Studies suggest college students more prepared to handle finances - KFVS12 News & Weather Cape Girardeau, Carbondale, Poplar Bluff

Studies suggest college students more prepared to handle finances

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There's a new generation with a new attitude about money. We found several new studies and surveys that suggest in spite of rising costs, college students and graduates feel better prepared to handle their finances. While there isn't necessarily more money available, they are taking on more personal living and college expenses than ever.

Students in Cape Girardeau say while the economy makes it tough to handle the burden, money is on their minds all the time. They say because their parents often didn't have the means to pay for the total of their college education, they heard a lot about being prepared long before they went off to a university.

"My parents told me from the beginning they will support me if necessary but I am on my own now," said Mackenzie Hooker. "I need to support myself because they won't be there forever."

Like many students, Mackenzie Hooker says she learned the value of a dollar early. She says students today are less frivolous, and more thrifty.

They are taking on more payments than ever including rent, and student loans. At Southeast Missouri State University, 57% of students pay their own way.

"I was jealous of people who got everything paid for at first, I was angry," said Mackenzie. "But now I think I'm more prepared and I'm thankful I had to be. My parents raised me this way, I think they wish they could have helped more but with the economy and everything that happens that just wasn't possible"

Mackenzie works at the University Foundation on campus to make a living while she's in school. You'll often find her monitoring her budget online through her phone.

"Starting a budget was not something that was easy to do," said Mackenzie. "I was good at spending all my money, but I have to budget when my car payment is due what my paycheck is going to be."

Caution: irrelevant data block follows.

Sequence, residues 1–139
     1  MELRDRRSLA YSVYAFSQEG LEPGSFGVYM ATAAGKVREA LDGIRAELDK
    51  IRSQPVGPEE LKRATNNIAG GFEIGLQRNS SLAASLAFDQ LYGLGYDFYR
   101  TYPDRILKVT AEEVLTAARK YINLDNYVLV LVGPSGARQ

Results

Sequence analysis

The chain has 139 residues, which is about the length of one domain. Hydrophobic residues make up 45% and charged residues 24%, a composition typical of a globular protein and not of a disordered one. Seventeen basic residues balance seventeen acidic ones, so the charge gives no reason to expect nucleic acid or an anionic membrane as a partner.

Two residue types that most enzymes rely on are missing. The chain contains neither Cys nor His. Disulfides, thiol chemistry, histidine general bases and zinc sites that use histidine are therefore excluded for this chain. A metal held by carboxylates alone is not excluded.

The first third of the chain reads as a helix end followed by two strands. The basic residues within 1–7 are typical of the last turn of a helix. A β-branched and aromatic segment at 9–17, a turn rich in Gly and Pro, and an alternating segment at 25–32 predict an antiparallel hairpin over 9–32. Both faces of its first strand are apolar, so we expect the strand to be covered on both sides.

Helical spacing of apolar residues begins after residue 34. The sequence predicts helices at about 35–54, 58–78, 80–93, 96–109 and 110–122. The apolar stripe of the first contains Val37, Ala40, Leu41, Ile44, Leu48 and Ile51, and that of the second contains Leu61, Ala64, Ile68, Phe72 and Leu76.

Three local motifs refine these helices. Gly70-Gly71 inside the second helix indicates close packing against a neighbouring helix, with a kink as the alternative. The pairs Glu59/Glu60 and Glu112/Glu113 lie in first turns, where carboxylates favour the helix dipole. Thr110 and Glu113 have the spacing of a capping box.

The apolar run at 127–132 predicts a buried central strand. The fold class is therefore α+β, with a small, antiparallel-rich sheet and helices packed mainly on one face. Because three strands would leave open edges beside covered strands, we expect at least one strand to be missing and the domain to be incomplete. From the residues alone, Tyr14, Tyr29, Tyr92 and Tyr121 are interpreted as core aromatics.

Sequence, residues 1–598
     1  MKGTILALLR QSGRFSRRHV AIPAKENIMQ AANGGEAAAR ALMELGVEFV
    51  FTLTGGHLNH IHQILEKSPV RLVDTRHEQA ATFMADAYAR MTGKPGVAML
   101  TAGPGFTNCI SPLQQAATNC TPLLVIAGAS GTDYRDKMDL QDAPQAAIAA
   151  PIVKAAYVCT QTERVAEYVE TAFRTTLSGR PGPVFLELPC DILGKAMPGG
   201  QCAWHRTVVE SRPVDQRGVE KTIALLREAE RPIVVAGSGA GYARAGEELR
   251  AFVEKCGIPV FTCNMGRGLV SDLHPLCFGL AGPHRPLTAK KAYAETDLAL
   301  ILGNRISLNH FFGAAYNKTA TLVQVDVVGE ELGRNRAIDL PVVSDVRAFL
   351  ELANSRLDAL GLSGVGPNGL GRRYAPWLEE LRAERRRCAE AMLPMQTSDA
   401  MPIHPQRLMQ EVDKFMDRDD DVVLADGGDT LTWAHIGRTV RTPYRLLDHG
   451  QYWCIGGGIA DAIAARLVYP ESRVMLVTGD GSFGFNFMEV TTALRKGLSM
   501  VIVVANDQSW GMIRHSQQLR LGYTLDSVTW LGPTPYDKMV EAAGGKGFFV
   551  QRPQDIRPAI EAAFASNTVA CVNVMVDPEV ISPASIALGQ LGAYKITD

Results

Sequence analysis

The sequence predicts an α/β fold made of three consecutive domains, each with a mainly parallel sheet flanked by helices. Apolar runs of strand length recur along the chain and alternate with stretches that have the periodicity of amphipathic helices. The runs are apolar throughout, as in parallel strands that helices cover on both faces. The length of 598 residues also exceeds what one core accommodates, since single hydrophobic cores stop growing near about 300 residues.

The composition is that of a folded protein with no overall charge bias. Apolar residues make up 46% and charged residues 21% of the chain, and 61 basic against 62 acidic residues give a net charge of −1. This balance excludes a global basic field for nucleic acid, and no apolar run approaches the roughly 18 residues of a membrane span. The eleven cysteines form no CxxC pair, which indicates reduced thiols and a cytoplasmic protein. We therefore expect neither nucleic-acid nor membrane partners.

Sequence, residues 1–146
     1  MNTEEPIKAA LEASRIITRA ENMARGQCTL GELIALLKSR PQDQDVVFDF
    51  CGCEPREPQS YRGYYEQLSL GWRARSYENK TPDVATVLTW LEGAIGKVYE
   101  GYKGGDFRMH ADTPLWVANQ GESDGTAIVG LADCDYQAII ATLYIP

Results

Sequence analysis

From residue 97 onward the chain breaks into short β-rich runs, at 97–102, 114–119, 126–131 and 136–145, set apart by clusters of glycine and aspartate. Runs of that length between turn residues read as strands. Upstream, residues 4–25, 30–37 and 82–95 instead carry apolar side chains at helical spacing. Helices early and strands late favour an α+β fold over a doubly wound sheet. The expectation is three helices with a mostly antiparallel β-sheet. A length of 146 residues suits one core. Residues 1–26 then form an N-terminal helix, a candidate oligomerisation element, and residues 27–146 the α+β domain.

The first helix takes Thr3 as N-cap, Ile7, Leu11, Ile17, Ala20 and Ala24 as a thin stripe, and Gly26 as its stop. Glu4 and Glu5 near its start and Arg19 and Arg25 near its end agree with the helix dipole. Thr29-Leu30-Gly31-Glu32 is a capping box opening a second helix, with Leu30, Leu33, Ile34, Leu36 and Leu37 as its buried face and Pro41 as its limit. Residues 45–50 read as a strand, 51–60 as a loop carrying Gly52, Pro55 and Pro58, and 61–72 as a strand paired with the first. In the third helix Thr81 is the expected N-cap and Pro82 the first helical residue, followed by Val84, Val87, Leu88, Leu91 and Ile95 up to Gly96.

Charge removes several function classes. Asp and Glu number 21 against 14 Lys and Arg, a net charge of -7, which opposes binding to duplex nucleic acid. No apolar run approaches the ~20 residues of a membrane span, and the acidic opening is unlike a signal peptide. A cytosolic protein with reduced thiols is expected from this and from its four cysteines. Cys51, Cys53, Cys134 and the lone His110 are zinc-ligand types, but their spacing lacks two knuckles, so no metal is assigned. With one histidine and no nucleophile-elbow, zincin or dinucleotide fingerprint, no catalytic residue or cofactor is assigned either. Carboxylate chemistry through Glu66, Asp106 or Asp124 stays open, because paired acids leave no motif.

Mackenzie says she's already focused on getting a job to handle her student loan debt when she graduates.

"I want to get rid of those student loans as soon as possible," said Mackenzie.

Meanwhile, at work nearby you'll find another senior, Ally Campbell. She says her parents preached financial security long before she went to school.

"If I did not have those scholarships I do not know where I would be," said Campbell.

Because of those scholarships, Ally will graduate only $4000 in debt. Meanwhile, she is among a growing number of college students who say they are responsible enough to handle a credit card.

"I'm pretty lenient," said Ally. "But I always try to make above the minimum payment."

Advisors on a national and local level say more students are defaulting on their loans. However, at the same time advisors feel students are more committed to paying them off quickly and working out a plan of action instead of letting the debt get out of control.

Another report out Wednesday suggests college students are finding themselves overqualified, and stuck in limbo.

Since 2010 from age 18-24, almost half are unemployed and say they've taken a job they didn't want or feel overqualified in their current position.

Many more are moving back home with their parents. For many, a solution is moving straight into a Master's Degree program and waiting for better economy and hiring times.

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